Tom: “So what’s your weird, like ice-breaker or whatever today?”

I played dumb.

Me: “What do you mean?”

Tom: “You know, that thing you always do when we’re with people. You ask them if they believe in Helen Keller or like – sometimes it’s a geography question. You just go up to people cold and ask them.”

I was trapped.

Me: “Like that time at New Year’s when I asked everyone what they would be if we made a TV show?”

Tom: “Yeah, some stupid BS like that. I don’t remember that one, but whatever. What is it today?”

Me: “Do you really want to know?”

And Tom just looked at me with a blank stance that told me to stop beating around the bush, so I held up a finger and backed away a few feet, signaling to him that I was going to give the full theatrics. For the ice-breaker to work, for it to actually skirt any notions of small talk, you have to be fully charismatic. High energy, loud. The would-be small talker has to be so entranced by the spectacle of this question that they forget all notions of jobs and living situations and their repetitive, real world. Obviously, I didn’t need to sell Tom with any of this, but it would be good practice.

Me: “Ayyyyyyyye what’s goin’ onn?!!!! Alright I’ve got one question for you, one question.”

Tom: “Oh god I forgot about this shit.”

Me: “I’ve got one question for you, and it is…….. ‘What does MLK mean to you?!’”

Tom: “.....?”

Me: “.....!”

Tom: “Are you serious?”

Me: “Well yeah.”

Tom: That’s your one-liner today? Is that this weekend?”

Me: “Yeah.”

Tom: “You’re an idiot.”

Me: “Hey, it’s not designed to work on you. It’s gonna work, I guarantee it.”

Tom: “Yeah, well why don’t you go try it on that little guy over there? Have you talked to him yet?”

Me: “Which guy?– no, I haven’t talked to anyone yet. That was my first dry run.”

Tom: “That little 5 foot guy over there. His name’s Austin. I was stuck talking to him half an hour ago. He tried to ask me if I was on LinkedIn so I faked that I was choking and ran to the bathroom.”

Me: “Dang, that is a 5 footer.”

Tom: “All 60 inches of him.”

Me: “A 5 foot man. What’s his deal?”

Tom: “No clue, maybe his parents bound his feet when he was a child. Can really wreck a kid.”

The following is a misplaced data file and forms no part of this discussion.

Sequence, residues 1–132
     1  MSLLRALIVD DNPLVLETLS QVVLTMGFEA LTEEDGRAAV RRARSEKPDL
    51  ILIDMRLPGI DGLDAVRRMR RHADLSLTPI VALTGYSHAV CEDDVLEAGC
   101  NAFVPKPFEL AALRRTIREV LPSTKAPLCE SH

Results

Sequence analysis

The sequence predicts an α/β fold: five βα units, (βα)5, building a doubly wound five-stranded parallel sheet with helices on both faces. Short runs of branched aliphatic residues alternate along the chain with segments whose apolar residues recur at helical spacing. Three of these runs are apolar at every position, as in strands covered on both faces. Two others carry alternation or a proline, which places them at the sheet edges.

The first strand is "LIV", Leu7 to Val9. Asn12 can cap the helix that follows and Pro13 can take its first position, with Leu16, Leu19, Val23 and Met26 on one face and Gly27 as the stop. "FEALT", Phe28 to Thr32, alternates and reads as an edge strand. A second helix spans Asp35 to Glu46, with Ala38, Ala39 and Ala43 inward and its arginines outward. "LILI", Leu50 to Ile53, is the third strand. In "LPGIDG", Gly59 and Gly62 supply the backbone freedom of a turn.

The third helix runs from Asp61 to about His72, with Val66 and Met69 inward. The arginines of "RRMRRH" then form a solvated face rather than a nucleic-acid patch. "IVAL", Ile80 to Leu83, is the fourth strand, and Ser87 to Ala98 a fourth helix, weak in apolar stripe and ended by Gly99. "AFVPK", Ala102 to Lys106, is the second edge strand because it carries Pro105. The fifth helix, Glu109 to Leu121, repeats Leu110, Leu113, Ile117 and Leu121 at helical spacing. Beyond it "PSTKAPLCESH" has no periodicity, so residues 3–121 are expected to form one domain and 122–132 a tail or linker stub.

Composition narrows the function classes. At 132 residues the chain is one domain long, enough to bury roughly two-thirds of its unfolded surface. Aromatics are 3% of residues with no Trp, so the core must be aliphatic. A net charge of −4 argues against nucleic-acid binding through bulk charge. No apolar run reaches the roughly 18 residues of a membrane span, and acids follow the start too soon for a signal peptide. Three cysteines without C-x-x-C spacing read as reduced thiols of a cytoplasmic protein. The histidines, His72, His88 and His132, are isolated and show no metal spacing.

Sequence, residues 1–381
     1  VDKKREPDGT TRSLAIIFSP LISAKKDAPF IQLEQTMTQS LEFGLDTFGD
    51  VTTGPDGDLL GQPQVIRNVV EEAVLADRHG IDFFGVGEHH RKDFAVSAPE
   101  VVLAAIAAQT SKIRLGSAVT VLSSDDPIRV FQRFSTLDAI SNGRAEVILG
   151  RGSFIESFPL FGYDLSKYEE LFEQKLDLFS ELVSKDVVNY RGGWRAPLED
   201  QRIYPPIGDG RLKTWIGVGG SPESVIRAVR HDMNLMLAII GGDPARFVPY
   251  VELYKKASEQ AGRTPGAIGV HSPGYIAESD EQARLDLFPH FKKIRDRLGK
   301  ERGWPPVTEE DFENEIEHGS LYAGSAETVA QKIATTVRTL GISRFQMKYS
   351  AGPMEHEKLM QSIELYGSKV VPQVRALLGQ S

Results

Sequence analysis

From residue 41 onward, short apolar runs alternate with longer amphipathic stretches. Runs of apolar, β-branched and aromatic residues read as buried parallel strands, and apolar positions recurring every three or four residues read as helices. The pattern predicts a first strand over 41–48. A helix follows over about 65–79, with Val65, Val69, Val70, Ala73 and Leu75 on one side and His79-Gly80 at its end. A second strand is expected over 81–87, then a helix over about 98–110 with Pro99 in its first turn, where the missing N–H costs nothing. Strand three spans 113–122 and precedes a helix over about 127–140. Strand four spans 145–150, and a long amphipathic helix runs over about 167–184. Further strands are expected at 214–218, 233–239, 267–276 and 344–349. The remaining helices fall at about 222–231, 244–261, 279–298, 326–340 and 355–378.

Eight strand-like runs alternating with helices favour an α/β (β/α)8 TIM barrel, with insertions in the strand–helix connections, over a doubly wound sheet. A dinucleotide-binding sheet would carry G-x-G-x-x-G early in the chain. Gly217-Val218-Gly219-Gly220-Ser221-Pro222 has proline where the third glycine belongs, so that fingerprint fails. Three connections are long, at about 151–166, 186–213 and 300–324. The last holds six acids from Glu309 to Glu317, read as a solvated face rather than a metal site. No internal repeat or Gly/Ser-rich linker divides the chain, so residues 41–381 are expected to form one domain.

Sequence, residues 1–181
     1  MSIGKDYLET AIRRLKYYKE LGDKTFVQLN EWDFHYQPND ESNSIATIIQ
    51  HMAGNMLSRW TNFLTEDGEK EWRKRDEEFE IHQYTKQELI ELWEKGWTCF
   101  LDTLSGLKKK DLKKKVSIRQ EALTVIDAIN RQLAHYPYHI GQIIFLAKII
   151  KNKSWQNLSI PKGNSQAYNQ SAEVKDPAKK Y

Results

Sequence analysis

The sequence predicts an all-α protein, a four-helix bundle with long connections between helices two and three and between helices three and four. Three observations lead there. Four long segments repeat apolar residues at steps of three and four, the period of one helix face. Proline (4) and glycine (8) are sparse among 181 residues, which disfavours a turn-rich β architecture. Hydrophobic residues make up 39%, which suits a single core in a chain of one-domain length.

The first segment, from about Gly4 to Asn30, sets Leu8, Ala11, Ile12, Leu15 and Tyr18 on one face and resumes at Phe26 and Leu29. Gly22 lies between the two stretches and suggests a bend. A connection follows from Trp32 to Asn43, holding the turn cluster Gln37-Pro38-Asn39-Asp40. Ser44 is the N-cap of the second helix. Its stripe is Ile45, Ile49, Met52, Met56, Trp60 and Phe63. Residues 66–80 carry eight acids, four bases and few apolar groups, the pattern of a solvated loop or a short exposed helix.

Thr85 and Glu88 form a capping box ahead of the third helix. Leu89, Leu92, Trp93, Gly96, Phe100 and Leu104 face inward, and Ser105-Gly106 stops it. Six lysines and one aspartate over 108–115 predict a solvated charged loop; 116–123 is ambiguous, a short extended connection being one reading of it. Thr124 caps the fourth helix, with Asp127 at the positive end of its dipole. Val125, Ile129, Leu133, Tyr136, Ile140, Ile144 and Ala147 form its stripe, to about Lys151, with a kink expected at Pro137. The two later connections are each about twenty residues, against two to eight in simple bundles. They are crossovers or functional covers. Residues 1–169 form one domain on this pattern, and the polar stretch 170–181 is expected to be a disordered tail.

Me: “...?”

Tom: “Oh but he’s an auditor. An IRS man. Total square. So yeah, go try your MLK line on him."

He was so tiny that I had nothing to lose, and Tom tends to kind of pump me up anyway, so I figured I would give it a shot.

Tom: “Oh, and if he asks, tell him that I threw up.”


So I mosey on over to the guy. Austin. And we get into the vicinity of each other where we make introductory eye contact and just as I am about to leap up into the air to begin my ice breaker routine I am incapacitated by the sudden realization that in the 8 seconds that it took me to walk over to him, Austin had significantly grown in size. He was like average height now, our eyes meeting each other on a level angle. And this left me especially confused because I had spent 6 of the 8 seconds of my commute wondering how I would fit deftly worded questions about juvenile foot binding practices into our inevitably deep and fulfilling Martin Luther King Jr. conversation, and now it seemed that, in light of his recent growth spurt, those questions would be totally inappropriate. He capitalized on my awe and seized hold of the conversation with a slimy smile and firm handshake and a left eye that looked like it could slip into a filthy wink whenever he saw fit, which would probably be often.

Austin: “Austin Roberts, at your service.”

I knew that I was in deep, deep trouble. I didn’t introduce myself, and Austin was not uncomfortable with this silence, but rather emboldened.

Austin: “It’s truly a pleasure to meet you. What was your name?”

I instantly hated Austin. I always get slightly irritated when people ask what “was” my name, with the past tense. It just doesn’t even make any sense. They usually ask this after I’ve already told them my name, so for some reason they feel like it’s a good idea to admit that they didn’t listen to the most basic thing I could have told them, and to also pretend that my name exists as something from a long ago past. Amateur. Be an adult and find strategic ways to avoid using my name to my face, and then ask other people at the party what my name is behind my back. It’s only polite.

Me: “Benedict.”

Austin: “Oh, like the eggs! Bet you’ve never gotten that one before! Well look, I’m kind of terrible with names, so don’t hate me if I have to ask you for it like three more times tonight.”

Me: “I’ve never asked for it in my life.”

Austin: “........?”

Me: {Nods approvingly}

Austin: “Well alright so, what do you do Benedict?”

And here we had gotten to the lowest depths possible, and so quickly. He had asked the question. I hate the question just so, so much, and yet it’s still everywhere. I don’t feel like anyone likes the question and yet they still mechanically have to ask it, like it’s as ingrained as please and thank you. How badly I wanted to reply back diabolically with “well I don’t really do anything, but if you think about it, neither do you!” In my mind I’ve built up this notion that if I actually just said that to everyone then I would be free, all stresses would fall away – the universe would become this orderly, pleasant little thing. Yet for some reason I just can’t say it, least of all to this guy that just sprouted a foot in front of my eyes.

Me: “I’m a cleaning lady.”

Austin: “Oh, cleaning lady. Very nice. I’m actually in the IRS. Pretty high up you could say. Yeah, it may not look like it, but these skinny arms have been climbin’ the ole ladder.”

I nodded politely, reassured to be off the hook. He clearly didn’t actually care to hear my answer, rather just wanted to skip to his turn. This was good.